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Belarus: Lukashenko brandishes rifle as army monitors 200,000 protesters

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Belarus president Alexander Lukashenko has brandished an assault rifle in Minsk as 200,000 protesters took to the streets of the capital.

With demonstrations against his disputed election victory a fortnight ago continuing, Russia’s foreign minister claimed the country’s opposition politicians want “bloodshed”.

Turning the streets red and white on Sunday with their flags, those demanding Mr Lukashenko’s removal chanted “go away” and “long live Belarus“.

Alexander Lukashenko gives a thumbs up to security forces
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Mr Lukashenko gives a thumbs up to security forces
People carry a large historical flag of Belarus during an opposition demonstration
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About 200,000 people took to the streets of Minsk on Sunday

They also approached the Independence Palace, where video from state news agency Belta showed a government helicopter carrying Mr Lukashenko landing in the grounds.

As he got off the aircraft, he was seen holding what appeared to be a Kalashnikov-type automatic rifle, although no ammunition clip was visible.

He then greeted security forces – who clapped – with a thumbs up.

Belarusian President Alexander Lukashenko walks outside the Independence Palace in Minsk carrying a rifle
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Mr Lukashenko has denounced the demonstrators as ‘rats’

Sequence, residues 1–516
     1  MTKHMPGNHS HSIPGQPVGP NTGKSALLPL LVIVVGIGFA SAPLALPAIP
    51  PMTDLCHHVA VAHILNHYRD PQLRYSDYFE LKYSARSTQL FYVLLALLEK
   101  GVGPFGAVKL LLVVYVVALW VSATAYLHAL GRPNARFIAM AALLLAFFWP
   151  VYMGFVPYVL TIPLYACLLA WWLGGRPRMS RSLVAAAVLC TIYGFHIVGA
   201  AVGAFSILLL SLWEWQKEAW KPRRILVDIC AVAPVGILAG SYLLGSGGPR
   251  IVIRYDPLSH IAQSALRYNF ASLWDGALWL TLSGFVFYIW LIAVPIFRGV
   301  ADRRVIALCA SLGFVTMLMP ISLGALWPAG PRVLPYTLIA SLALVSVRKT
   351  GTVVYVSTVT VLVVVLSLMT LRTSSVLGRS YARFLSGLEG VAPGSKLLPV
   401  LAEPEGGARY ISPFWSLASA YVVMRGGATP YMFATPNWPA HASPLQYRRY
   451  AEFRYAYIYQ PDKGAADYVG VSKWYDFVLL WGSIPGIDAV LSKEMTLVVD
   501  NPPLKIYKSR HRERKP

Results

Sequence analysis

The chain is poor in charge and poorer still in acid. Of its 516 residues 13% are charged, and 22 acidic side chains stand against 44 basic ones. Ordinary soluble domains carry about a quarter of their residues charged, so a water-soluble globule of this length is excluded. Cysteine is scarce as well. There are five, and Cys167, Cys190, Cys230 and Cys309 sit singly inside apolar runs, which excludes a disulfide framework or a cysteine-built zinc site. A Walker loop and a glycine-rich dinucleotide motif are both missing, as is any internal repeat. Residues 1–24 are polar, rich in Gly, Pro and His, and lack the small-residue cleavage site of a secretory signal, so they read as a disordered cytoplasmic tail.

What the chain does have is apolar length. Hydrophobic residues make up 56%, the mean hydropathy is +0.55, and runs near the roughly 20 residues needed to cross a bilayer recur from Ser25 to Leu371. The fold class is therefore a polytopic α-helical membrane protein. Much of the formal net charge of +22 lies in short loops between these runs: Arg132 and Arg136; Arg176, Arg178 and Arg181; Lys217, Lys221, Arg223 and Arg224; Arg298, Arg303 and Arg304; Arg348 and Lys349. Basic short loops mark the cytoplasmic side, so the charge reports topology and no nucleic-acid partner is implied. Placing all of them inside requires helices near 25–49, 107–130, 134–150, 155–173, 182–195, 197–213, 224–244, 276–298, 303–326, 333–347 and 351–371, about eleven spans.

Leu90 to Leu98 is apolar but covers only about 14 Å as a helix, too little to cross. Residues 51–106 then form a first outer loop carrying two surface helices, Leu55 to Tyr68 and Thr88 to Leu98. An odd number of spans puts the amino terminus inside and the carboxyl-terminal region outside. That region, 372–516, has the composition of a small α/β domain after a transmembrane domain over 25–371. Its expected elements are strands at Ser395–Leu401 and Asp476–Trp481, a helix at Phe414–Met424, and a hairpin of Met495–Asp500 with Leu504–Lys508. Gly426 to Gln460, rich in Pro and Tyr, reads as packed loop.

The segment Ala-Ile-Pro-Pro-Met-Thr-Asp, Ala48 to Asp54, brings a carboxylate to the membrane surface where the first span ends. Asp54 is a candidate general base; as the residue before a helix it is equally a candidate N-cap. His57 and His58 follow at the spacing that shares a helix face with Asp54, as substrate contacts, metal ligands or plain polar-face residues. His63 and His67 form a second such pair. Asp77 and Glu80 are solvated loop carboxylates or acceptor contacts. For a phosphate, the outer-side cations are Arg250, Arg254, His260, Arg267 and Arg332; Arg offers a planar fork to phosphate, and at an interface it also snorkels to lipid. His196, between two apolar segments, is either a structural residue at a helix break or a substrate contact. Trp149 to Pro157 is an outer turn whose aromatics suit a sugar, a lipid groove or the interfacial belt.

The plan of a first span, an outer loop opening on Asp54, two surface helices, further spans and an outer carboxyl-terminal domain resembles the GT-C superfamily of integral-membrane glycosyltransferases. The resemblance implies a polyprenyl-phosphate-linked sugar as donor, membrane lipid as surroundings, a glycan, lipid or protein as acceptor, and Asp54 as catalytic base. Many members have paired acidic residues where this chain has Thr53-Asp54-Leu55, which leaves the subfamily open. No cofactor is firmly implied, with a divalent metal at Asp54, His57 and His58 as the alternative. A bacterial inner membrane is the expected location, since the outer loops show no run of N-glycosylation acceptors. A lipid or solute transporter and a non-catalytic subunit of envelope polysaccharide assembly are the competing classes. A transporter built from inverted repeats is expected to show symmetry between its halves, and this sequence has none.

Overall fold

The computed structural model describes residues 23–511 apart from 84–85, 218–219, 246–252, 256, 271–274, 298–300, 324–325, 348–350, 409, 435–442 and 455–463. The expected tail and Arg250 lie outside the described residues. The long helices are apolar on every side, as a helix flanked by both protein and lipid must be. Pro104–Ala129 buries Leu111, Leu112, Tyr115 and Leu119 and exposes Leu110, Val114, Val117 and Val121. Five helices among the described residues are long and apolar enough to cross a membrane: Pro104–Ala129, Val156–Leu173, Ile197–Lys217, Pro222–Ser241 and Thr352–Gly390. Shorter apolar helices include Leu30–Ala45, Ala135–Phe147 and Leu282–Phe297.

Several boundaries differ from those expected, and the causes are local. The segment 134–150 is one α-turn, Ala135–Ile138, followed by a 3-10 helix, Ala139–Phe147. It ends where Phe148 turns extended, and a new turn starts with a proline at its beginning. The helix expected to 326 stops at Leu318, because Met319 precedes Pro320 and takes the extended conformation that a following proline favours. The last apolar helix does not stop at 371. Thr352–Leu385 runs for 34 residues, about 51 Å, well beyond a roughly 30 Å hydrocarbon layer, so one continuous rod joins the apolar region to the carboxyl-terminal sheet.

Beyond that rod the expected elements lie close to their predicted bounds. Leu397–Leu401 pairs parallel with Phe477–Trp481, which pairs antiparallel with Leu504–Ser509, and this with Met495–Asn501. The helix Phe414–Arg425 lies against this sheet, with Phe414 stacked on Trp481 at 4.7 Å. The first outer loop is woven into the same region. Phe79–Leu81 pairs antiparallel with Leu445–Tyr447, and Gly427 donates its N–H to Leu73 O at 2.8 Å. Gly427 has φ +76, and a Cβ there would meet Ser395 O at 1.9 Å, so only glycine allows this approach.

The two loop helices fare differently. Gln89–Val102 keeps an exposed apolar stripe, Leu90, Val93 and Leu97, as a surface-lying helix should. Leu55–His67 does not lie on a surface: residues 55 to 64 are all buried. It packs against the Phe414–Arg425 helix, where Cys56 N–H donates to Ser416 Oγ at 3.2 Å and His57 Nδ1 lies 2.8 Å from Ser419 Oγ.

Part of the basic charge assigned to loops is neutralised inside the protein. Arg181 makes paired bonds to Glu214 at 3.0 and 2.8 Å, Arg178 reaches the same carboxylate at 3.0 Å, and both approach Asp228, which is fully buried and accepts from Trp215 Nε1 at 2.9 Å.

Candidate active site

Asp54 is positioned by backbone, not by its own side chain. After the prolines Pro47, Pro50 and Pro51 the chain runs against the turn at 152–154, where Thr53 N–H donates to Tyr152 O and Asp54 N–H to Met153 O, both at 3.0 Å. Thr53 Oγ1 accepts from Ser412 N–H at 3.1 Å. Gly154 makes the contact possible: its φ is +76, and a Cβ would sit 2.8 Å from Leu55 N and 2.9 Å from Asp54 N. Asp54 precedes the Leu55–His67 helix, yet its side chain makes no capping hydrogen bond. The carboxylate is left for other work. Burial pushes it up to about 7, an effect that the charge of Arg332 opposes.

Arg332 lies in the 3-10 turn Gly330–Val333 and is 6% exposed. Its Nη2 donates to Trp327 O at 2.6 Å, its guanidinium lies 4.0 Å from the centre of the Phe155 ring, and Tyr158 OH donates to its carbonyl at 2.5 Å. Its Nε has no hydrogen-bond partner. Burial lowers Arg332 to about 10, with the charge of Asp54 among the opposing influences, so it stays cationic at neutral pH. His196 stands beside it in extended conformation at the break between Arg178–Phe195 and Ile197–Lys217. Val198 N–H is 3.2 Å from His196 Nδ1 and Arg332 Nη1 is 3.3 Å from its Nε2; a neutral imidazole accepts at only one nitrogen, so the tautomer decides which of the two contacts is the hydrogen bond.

The Belarusian defence ministry said the army, rather than police, will now respond to any unrest near the capital’s memorials to victims of the Second World War.

More from Alexander Lukashenko

The ministry described the anti-Lukashenko protesters as “fascists”.

A march towards one memorial was overseen by members of the security services in military uniforms, the Reuters news agency said. Dozens of police prisoner transport vehicles were parked on the fringes.

Law enforcement officers guard an area during the opposition rally
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Law enforcement officers guard an area during the opposition rally
A couple look down at the demonstration
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The protests started over the disputed election result

Earlier this month, about 7,000 people were arrested, and many of them beaten with clubs.

According to officials, Mr Lukashenko, who has been in power since 1994, took more than 80% of the vote on 9 August to claim a sixth term in office.

Opponents claims the ballot was rigged to disguise the 65-year-old’s loss of public support.

But Russian foreign minister Sergei Lavrov claimed it was impossible to tell whether the election was tainted because of a lack of international observers, according to Russian news agency Interfax.



Lithuanians stood in a 35,000-strong human chain in support of protesters in Belarus.



Lithuanians create human chain in support of Belarus protesters

He also alleged Belarus’s main opposition challenger, Svetlana Tikhanovskaya, has a programme that isn’t constructive or aimed at dialogue.

Ms Tikhanovskaya has said she will return home when the regime is ready for discussions and is willing to engage with the president.

The former teacher, 37, who has fled to Lithuania, told Sky News the momentum for change in her country is unstoppable.



Svetlana Tikhanovskaya told Sky News she is willing to meet with Alexander Lukashenko.



‘We will struggle until our victory’

Mr Lavrov, however, noted that she is now speaking more often in English and claimed she is being pressured.

He added that Russia would not oppose anything the Belarusian authorities decided regarding dialogue with the opposition.

Mr Lukashenko has offered to hold new elections following a referendum on amending the constitution – something Mr Lavrov described as viable.

 

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